"But we knew we would need a new database design to do more advanced analyses on things such as behavior within a portfolio or loan origination," he says. "And we wanted this to support all 40 of our banks."
In October 2001, Kennedy and his team fleshed out the specs to build a new analytic data warehouse. They met with some resistance from Metavante over the need to replace the data warehouse, Kennedy says, but eventually collaborated on the design and testing. "The result was a database built in a star schema structure -- and still hosted by Metavante," he says. Synovus, however, kept the data mining applications in-house and is using Business Objects software with a browser interface on the front end.
Trust and Partnership
Synovus has moved five of its 40 banks onto the new system and expects to migrate the remainder by next summer. Kennedy says the new data warehouse more than pays for itself.
"We estimate that the analytics we run save us $250,000 over and above what we pay Metavante for the service," he says. But, savings aside, this process involves turning sensitive data over to someone outside the company. Kennedy says it's OK to do that, provided you trust the outsourcer.
"With our collaboration on the analytic data warehouse," he says, "Metavante proved to us that we can work through disagreements together. We built a partnership. Their real value is in updating the data warehouse on a daily basis, and we are confident that our data is in good hands."
One of the things all of these deals have in common is flexibility. For example, in its hybrid arrangement, Synovus could have chosen to outsource the entire BI front end.
"Outsourcing BI, or anything else, is far richer than it used to be," says Aberdeen's Creese. "It wasn't that long ago when your options were to choose between IBM or EDS to come in and run your entire IT shop for $40 million."
Canon ITS chose to keep its primary data store in-house, and the company still keeps close tabs on the quality of data being outsourced. Synovus turned over the maintenance of its data warehouse, but only after the outsourcer went the extra mile to prove itself worthy of the trust.
And neither company has relinquished the ability to monitor data quality. "If you outsource your ability to do this, you have gone too far," says Mark Sullivan, managing director at BearingPoint (formerly KPMG Consulting). "At the end of the day, it is still all about the data. If the data is flawed, no provider can give you good BI or satisfy your SLA (service-level agreement)."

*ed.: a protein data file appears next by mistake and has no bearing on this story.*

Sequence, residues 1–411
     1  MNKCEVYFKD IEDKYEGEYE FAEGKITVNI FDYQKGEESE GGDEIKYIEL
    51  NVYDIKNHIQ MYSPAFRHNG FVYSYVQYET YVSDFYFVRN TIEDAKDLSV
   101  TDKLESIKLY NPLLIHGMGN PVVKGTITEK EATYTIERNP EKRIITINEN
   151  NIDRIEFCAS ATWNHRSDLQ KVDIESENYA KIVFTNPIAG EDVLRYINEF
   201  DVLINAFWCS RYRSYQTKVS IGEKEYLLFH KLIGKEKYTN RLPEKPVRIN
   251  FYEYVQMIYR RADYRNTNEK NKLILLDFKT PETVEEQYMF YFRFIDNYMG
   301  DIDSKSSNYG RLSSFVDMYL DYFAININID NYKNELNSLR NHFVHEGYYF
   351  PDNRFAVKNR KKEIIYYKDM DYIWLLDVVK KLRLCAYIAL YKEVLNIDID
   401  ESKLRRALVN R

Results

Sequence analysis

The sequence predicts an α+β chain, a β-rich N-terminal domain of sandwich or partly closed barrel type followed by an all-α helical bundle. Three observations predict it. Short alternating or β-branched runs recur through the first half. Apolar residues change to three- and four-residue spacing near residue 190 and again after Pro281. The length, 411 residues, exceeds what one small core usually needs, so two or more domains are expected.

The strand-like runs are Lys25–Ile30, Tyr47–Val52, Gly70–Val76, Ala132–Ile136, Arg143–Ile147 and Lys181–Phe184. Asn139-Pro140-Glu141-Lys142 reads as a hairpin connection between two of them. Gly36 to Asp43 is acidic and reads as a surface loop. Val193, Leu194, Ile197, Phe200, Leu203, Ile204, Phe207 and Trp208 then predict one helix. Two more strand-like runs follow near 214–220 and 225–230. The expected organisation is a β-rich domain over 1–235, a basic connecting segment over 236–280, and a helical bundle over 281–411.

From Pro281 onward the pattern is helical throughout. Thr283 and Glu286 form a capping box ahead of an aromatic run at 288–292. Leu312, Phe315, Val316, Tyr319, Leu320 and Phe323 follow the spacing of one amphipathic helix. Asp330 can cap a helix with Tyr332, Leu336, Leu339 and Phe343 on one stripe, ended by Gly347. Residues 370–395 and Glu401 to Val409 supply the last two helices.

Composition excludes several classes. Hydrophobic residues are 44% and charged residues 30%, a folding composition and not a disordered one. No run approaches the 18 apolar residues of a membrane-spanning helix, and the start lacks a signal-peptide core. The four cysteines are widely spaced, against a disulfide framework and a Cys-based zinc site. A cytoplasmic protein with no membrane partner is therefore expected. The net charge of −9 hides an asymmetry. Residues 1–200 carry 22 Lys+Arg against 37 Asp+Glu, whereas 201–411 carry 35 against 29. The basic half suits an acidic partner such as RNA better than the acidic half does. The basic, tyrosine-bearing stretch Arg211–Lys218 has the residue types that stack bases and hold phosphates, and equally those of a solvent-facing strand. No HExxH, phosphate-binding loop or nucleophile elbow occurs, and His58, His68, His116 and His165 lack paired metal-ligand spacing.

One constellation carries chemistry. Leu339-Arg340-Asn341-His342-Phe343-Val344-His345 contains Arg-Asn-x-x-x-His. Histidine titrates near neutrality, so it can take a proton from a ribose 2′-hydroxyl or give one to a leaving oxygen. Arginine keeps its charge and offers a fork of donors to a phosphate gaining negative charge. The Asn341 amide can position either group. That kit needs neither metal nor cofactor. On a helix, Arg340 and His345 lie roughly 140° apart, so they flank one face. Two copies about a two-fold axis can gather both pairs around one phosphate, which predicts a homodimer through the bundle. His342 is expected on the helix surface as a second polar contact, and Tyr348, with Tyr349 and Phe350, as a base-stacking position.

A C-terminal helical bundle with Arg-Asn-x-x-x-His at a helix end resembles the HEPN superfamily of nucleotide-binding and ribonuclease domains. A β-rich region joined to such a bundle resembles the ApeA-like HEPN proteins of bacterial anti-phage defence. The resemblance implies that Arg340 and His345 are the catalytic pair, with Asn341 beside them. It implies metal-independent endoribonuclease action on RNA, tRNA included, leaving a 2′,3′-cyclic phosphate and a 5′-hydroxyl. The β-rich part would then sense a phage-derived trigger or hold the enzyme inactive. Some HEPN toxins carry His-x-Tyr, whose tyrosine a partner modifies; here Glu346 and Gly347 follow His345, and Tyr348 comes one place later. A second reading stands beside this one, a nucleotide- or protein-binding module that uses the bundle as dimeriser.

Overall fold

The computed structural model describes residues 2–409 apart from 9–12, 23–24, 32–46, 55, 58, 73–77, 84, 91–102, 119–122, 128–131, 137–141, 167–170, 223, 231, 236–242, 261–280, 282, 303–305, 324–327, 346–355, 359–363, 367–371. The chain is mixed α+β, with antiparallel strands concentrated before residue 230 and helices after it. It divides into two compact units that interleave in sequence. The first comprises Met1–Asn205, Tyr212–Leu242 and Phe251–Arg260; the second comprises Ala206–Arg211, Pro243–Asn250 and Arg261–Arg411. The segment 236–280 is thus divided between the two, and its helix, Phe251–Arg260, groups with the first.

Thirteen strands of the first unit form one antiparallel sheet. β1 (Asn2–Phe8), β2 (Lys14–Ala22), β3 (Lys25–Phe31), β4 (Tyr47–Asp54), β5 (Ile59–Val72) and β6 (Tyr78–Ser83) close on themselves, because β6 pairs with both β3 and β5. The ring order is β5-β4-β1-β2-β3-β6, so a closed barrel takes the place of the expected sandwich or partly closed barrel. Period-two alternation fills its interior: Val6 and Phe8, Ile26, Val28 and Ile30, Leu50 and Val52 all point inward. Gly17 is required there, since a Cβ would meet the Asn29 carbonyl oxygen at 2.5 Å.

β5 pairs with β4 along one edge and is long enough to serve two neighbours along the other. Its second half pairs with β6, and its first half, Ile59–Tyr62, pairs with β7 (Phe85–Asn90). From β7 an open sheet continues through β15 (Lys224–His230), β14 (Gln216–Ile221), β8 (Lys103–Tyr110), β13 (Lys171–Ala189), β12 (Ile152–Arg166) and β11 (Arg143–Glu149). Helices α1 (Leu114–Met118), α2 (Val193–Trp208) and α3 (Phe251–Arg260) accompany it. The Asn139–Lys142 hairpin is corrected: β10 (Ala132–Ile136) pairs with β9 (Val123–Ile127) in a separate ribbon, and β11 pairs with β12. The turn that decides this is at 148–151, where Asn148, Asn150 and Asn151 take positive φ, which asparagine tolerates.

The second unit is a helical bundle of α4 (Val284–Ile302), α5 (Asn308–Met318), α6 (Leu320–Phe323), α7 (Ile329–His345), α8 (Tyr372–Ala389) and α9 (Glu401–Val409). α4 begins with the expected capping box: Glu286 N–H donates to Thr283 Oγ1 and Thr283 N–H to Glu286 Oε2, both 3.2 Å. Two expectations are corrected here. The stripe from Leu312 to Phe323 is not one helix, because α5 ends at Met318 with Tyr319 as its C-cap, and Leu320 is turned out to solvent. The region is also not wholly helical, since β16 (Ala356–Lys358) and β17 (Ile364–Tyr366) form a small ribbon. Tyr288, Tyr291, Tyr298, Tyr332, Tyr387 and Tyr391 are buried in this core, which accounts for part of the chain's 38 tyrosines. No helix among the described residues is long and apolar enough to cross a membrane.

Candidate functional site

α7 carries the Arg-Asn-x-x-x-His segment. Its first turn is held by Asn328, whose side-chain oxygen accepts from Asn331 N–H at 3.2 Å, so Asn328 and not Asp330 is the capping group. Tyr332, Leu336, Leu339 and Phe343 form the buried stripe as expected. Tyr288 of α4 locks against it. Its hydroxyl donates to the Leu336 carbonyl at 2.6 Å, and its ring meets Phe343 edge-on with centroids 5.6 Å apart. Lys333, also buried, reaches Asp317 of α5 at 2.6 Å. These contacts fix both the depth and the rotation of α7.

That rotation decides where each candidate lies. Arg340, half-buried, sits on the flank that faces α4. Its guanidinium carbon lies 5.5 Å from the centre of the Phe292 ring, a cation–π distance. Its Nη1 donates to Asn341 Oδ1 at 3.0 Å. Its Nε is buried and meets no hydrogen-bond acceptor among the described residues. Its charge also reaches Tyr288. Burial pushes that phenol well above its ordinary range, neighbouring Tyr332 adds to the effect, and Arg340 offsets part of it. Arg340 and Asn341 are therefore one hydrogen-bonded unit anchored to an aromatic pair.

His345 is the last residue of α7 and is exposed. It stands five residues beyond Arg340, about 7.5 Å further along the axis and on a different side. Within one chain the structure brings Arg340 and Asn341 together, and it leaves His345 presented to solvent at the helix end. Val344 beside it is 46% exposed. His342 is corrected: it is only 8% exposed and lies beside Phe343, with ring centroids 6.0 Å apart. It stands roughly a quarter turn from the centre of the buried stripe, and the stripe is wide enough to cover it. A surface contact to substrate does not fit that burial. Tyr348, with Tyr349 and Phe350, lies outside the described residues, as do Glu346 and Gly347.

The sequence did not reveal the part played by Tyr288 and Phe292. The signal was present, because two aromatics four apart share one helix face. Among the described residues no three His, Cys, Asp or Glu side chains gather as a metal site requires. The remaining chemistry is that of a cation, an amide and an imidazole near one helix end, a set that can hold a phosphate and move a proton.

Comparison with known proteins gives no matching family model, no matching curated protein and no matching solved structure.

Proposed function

A spirit of partnership pervades an outsourced business intelligence deal at Volvo Cars of North America.
It all started in 1999, when Volvo turned a marketing data warehouse over to Harte-Hanks.
"This is one of a limited number of partnership arrangements we have," says Phil Bienert, manager of CRM and e-business at Volvo. "By this I mean we commit to a multiyear contract."
He says it also means that there's a built-in understanding that goes beyond anything in writing. "We state publicly that Harte-Hanks is our agent of record for customer analytics, and we expect that Harte-Hanks will give us additional support on-site," says Bienert. "We expect that they will supply us with a steady stream of good ideas and that they won't rip us off. You can't put all this in a contract."
Analyzing customer data wasn't Volvo's core competency, so it made sense to find a partner. The automaker is very good at keeping track of its cars, but it needed to "build a customer-centric view of the world," says Bienert. And the company needed someone who could build and host all the pieces, the data warehouse and the applications, mining and analytics.
Bienert and his staff run simple queries and reports on demographics and sales using a dashboard developed at Harte-Hanks. For more sophisticated analyses, such as predictive modeling to support new-vehicle launches, Volvo turns it all over to Harte-Hanks.
But Harte-Hanks' project managers keep the communication pipe open with Bienert and his database manager. It's critical, says Bienert, to make sure that the Harte-Hanks team knows what Volvo's priorities are. "Trends change quickly in the auto business," he says. "What is hot today may not be tomorrow."
Bienert wouldn't talk about the value of the Harte-Hanks contract, but he says Volvo conducted an extensive study before signing the deal. "We determined that it would be significantly cheaper and more effective to go outside," he says.
Harte-Hanks' fees vary, ranging from US$5,000 to US$100,000 per assignment, according to a company spokesman. Assignments vary in duration and scope, but they typically involve things like customer segmentation analysis. Multiyear contracts with clients such as Volvo will involve several assignments.
Dan Rubin, vice president of analytics at Harte-Hanks, says the Volvo project is a popular one at his company. "Our people really want to work on this account. In fact, we have people here who have been on it longer than anyone at Volvo."